By Nathalie De Vera
Alumna, College of Education
Student teaching is the time to apply everything learned in class. This is the time to learn from experience. Reflecting upon practice shows humility, eagerness, determination and a positive outlook that are all helpful in aiming to be a great teacher. I aim to be a great teacher because I want to inspire, educate and serve.
By Stephanie Knight, EdD
Adjunct Faculty, College of Education
Instead of student engagement, we should focus on brain engagement! It is possible to influence students’ brain chemistry. This means that students would be wholly and fully engaged. Educating the whole child takes on a whole new meaning when an educator can engage all parts of the brain throughout the class time.
When you become a teacher for middle school and high school students, you can help open their eyes to new academic pursuits, including STEM subjects such as biology. If you want to enroll in GCU’s Bachelor of Science in Biology for Secondary Education program, you’ll take core courses such as:
Grand Canyon University’s Bachelor of Science in Early Childhood Education program is a great option for anyone interested in a career as an educator for young children. Offered through the College of Education, this degree program can provide you with the fundamentals for becoming a highly qualified teacher and the knowledge that you need to pursue an early childhood initial licensure. If you’re wondering if a career in early childhood education is right for you, then ask yourself the following questions:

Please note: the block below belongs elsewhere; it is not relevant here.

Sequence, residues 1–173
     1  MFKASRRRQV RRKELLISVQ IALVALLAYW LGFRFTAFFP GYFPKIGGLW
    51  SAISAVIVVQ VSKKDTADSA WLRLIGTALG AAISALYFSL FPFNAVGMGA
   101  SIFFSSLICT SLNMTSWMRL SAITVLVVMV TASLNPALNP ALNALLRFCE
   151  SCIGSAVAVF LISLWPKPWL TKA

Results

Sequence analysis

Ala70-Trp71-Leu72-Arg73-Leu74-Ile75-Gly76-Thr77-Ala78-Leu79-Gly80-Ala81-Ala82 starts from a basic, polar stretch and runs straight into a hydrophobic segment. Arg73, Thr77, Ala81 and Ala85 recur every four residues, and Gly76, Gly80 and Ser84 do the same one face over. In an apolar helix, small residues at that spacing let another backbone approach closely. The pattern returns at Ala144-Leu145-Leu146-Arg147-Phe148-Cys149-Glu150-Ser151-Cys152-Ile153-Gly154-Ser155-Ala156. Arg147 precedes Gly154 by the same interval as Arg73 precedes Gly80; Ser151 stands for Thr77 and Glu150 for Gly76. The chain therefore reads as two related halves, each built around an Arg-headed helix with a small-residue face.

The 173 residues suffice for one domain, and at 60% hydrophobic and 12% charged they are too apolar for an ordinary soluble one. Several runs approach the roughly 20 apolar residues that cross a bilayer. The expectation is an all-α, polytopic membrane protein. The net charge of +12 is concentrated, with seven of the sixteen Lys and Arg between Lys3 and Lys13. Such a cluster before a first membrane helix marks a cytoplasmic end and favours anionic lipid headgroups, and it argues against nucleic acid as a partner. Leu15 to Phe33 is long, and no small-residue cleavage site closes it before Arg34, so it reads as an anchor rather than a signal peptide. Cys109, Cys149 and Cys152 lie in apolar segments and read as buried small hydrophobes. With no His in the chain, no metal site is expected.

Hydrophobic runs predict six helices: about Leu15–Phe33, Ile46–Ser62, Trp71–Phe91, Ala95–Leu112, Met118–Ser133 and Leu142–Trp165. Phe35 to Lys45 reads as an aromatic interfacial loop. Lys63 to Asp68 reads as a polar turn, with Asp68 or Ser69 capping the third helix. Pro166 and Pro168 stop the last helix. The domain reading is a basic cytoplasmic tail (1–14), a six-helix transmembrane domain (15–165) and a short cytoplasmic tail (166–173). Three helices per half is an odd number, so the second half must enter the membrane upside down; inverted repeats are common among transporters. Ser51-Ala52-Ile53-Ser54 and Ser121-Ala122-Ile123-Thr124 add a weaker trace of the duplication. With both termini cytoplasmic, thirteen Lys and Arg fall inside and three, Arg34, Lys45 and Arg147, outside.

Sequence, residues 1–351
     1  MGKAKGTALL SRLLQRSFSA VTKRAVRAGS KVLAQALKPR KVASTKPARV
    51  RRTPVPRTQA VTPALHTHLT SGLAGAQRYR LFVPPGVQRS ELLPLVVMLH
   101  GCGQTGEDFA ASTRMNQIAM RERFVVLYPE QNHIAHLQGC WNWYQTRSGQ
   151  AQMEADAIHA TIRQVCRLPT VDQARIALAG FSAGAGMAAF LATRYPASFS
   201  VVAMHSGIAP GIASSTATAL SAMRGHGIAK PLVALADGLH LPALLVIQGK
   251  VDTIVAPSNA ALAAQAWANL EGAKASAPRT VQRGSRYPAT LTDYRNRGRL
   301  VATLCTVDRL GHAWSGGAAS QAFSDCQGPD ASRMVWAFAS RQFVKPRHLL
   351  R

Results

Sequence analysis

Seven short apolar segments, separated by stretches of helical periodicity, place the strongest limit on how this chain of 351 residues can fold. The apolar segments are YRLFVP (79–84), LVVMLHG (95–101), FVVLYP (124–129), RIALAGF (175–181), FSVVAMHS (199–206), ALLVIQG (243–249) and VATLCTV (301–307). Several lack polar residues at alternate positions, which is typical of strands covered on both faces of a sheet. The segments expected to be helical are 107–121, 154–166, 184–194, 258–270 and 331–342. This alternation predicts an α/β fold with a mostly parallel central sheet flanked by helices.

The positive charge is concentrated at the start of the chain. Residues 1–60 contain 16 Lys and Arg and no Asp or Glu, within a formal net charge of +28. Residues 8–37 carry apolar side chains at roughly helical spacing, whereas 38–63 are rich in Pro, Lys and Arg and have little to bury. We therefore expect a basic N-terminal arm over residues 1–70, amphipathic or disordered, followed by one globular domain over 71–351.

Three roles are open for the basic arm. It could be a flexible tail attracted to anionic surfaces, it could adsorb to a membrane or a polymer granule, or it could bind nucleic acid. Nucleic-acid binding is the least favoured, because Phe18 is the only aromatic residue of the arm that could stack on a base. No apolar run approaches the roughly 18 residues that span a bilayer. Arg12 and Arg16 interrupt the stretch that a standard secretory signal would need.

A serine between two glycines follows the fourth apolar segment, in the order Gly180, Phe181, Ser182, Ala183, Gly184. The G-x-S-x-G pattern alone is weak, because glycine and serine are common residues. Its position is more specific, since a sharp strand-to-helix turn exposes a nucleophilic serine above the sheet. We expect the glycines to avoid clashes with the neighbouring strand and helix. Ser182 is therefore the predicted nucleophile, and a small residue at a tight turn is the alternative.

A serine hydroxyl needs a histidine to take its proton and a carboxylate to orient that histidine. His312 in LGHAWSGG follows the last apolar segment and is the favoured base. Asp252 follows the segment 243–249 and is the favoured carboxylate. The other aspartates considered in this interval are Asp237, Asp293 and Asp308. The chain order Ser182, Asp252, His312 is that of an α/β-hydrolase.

Are you fueled by a victorious feeling when the last piece of the puzzle is placed on the table or when the answer on the board matches the one you have written on your paper? If solving problems captures your interest and drives you, consider applying this passion to your future by earning a Bachelor of Science in Mathematics for Secondary Education!
By Brandon Juarez, MEd
Assistant Professor, College of Education
Recently, in an attempt to attract more individuals from diverse fields into the teaching profession and to keep them teaching, Arizona legislators passed SB1042. Among other things, the bill extends the years between recertification from six years to 12 years and reduces the required number of continuing education units (CEUs) to 90 hours.
But, is this really what is best for the teachers and subsequently for our students?